Company Cars – time to throw away the prejudices?
Many people dismiss company cars, assuming the tax will be too high. But throw away your prejudices and there are tremendous opportunities for tax breaks.
Benefits in kind are calculated by taking the original list price of the car and applying a percentage based on CO2 emissions. So, a basic diesel Audi A4 saloon emitting 119g/kms has an 18% BIK in 2015/16. With a £29,930 list price the BIK is £5,387, or £2,155 of income tax for a 40% taxpayer.
The provision of private fuel is generally prohibitively expensive, but do the maths to check first.
Cars emitting 130g/kms or below get writing down allowances of 18%, whereas cars emitting >130g/kms get WDA at just 8%. At 18% it takes 12 years to get tax relief for 90% of the expenditure, whereas at 8% it takes an incredible 28 years!
So consider utilising the 100% First Year Allowance on new cars emitting 95g/kms or less as from April 2015 this threshold reduces to 75g/kms, significantly reducing the number of eligible cars.
A New Breed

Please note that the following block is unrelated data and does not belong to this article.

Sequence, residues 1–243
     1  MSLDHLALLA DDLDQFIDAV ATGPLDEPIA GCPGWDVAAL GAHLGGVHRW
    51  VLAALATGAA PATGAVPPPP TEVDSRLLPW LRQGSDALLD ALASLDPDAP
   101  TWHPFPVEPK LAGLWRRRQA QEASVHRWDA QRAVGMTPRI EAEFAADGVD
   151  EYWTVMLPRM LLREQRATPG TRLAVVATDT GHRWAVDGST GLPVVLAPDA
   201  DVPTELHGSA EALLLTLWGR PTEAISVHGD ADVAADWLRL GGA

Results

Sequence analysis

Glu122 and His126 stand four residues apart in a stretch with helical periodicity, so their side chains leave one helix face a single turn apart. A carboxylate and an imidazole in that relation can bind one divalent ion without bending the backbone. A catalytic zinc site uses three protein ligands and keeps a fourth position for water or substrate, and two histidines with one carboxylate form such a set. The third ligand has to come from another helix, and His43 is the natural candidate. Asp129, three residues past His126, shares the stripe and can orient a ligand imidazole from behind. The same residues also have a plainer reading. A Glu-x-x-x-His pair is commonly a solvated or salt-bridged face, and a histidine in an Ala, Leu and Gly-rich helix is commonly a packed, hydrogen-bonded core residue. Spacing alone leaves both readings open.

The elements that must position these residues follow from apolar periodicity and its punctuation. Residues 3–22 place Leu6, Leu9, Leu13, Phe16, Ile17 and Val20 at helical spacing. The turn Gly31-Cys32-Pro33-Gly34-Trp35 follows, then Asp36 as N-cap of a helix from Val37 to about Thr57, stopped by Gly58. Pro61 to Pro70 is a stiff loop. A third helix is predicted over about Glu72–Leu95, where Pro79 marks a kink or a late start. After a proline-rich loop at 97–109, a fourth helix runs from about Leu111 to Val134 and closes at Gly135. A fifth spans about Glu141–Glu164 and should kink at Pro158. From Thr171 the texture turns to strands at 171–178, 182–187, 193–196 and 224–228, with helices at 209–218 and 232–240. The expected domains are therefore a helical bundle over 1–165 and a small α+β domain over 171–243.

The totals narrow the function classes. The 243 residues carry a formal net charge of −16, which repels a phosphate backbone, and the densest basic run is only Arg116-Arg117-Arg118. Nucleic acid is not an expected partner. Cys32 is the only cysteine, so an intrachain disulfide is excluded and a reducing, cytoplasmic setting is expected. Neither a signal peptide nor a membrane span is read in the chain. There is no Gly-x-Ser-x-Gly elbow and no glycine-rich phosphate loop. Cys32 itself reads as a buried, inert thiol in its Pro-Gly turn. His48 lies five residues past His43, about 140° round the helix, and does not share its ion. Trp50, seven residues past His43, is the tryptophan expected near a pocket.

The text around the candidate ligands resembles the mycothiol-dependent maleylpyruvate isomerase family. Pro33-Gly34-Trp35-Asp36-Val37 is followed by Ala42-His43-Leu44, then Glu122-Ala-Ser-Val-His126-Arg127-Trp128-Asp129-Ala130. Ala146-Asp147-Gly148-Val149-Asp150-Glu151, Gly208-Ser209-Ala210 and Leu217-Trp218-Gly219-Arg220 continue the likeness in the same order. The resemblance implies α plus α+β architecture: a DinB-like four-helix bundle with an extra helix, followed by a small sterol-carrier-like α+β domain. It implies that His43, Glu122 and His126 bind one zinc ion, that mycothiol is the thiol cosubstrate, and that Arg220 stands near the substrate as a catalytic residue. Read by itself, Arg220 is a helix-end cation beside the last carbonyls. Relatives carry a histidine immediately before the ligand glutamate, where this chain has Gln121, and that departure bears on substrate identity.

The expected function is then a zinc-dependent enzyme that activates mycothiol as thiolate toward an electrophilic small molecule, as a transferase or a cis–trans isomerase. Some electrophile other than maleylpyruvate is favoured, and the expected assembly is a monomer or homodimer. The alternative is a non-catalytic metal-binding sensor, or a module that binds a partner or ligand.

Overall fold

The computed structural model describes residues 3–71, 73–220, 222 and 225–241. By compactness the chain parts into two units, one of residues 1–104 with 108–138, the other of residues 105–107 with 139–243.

Many clients ask me “what car should I buy?”. Obviously I can’t answer this as it is a very personal choice however, I suggest you look beyond the obvious and consider embracing the new breed of cars.
The basic model Range Rover has a list price of £73,590 and emissions of 196g/kms, giving tax at 40% of £10,945. However, a hybrid version Porsche Cayenne with a list price of £61,474, and emissions of just 79g/kms, delivers an income tax charge of just £2,213. A tax saving of £8,732 a year! Moreover, buy the Porsche new by 31 March and 100% FYA could also save you Corporation Tax of £12,295.
These can be efficient company cars. But watch out! Different specs of the same vehicle can have a big tax impact, so it is vital to check the emissions carefully. Many owner managers get their companies to provide low emission cars to their spouse or children, paying the BIK tax themselves; very effective, especially with the cost of insurance for new driversand CT relief available.
The “ordinary” petrol or diesel car is increasingly unattractive tax-wise. But consider the alternatives. At the extreme end, the electric only Tesla Model-S offers zero emissions, a 5% BIK for 2015/16 and 0-62mph in 3.2 seconds! At a more practical level, the hybrid and plug-in hybrid versions of more familiar brands like Volvo, Lexus etc., offer a huge reduction in the CO2 figure, with the appropriate tax benefits.
Your final choice obviously depends on you, but I would encourage you to look at the options, do the calculations, and make sure of the emissions before you commit.